(12–41 CE), third Roman emperor, notorious for decadence and cruelty.
gym & crow (11)
Jim Crow is the name for the legal system of racial segregation in force in the U.S. South from the late 19th to the mid-20th centuries.
Voltas of acoustics (11)
the volta, remember, is the “turn” prescribed between the 8th and 9th lines of a Petrarchan sonnet. Hayes is punning on “volts” too.
James Earl Ray (12)
assassin of Martin Luther King, Jr. in 1968.
Dylann Roof (12)
perpetrator of a mass shooting at a black church in Charleston, SC, in 2015.
George Zimmerman (12)
killer of Trayvon Martin in 2012.
John Wilkes Booth (12)
assassin of Abraham Lincoln in 1865.
Robert Chambliss Thomas Edwin Blanton Jr / Bobby Frank Cherry Herman Frank Cash (12)
four Ku Klux Klan members who committed the 16th Street Baptist Church Bombings in Birmingham, AL, in 1963, killing four black girls.
Byron De La Beckwith (12)
Ku Klux Klan member who killed civil rights activist Medgar Evers in Mississippi in 1963.
Roy Bryant J. W. Milam (12)
murderers of Emmett Till in Money, Mississippi in 1955.
Edgar Ray Killen (12)
Ku Klux Klan member and ringleader in the murders of three civil rights activists, James Chaney, Andrew Goodman, and Michael Schwerner, in Mississippi in 1963.
Bettye LaVette (14)
soul musician.
Buckras (14)
white people.
Archie Bunkers (14)
Archie Bunker was a bigoted character on the 1970s sitcom All in the Family.
Gwen Brooks’ “The Mother” (14)
poem from Brooks’s first collection, A Street in Bronzeville (1945).
James Baldwin (16)
(1924–1987), eminent African-American essayist and novelist. A bit of a photographic icon too (look at images on the Wikipedia page).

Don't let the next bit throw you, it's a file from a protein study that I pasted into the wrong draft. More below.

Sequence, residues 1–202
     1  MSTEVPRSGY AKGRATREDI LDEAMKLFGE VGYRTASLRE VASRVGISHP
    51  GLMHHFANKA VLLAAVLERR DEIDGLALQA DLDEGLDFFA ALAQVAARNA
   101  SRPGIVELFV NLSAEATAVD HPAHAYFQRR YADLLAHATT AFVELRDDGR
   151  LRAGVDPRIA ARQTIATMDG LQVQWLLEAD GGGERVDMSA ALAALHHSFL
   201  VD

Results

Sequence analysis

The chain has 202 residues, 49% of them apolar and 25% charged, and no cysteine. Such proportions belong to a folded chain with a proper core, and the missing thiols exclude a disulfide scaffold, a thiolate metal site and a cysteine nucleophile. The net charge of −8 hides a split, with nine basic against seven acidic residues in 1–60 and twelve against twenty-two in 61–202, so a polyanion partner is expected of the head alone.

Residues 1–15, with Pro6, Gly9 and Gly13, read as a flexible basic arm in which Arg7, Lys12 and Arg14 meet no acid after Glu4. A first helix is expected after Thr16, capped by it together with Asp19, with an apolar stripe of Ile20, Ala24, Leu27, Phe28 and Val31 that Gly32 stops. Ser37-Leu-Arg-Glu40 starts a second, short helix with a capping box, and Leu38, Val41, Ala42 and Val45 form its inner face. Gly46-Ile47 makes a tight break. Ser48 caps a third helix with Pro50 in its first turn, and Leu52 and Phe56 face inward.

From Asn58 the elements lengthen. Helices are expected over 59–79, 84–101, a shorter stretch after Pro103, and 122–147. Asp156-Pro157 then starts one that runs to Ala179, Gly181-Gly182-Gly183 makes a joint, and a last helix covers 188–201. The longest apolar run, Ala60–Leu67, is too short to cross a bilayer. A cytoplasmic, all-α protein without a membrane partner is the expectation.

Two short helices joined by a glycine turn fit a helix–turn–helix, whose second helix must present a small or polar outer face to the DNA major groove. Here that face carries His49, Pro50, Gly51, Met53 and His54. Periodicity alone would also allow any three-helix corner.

Jimi Hendrix (18)
(1942–1970), the great guitarist.
Monk orchestras (18)
that is, the jazz orchestras of Thelonious Monk (1917–1982).
Miles with strings (18)
Miles Davis (1926–1991), the jazz trumpeter.
Ms. Dickinson (21)
Emily.
Galway Kinnell writes of Saint Francis (21)
(1927–2014), American poet, whose “Saint Francis and the Sow” says what Hayes says it says.
deep image poem (21)
term associated with the American experimentalist poet Jerome Rothenberg.
Maxine Waters (23)
Congresswoman from California, prominent among Democratic Party politicians denouncing Donald Trump.
listening / to Aretha Franklin sing Precious Lord (23)
you can too, with YouTube.
Amiri Baraka (24)
(1934–2014), poet, central figure in the Black Arts movement. Born LeRoi Jones in Newark. “Preface to a Twenty Volume Suicide Note” appeared in Baraka’s 1961 volume of that title.
Bluff Estates…Harlem Street (25)
These are street names in Hayes’s hometown, Columbia, SC.
Soaphead Church…/ Gideon, Son (26)
characters in Toni Morrison’s novels.
Derek Walcott (30)
(1930–2017), poet from St. Lucia in the Caribbean. After Walcott’s death Hayes spoke publicly about reckoning with Walcott’s record of sexual harrassment (in a notorious case from Walcott’s time teaching at Harvard in 1981) alongside his poetic eminence. He alludes obliquely to the issue in his 2020 Blaney Lecture to the Academy of American Poets (transcript, video).
the Hancock movie (31)
2008 superhero film (clip).
Trinidad / James (32)
All Gold Everything,” 2012.
“Lemonade” by Gucci / Mane (32)
single, 2009.
Midas (32)
the mythical king whose touch turned everything to gold.
Neruda said / Of lemons (32)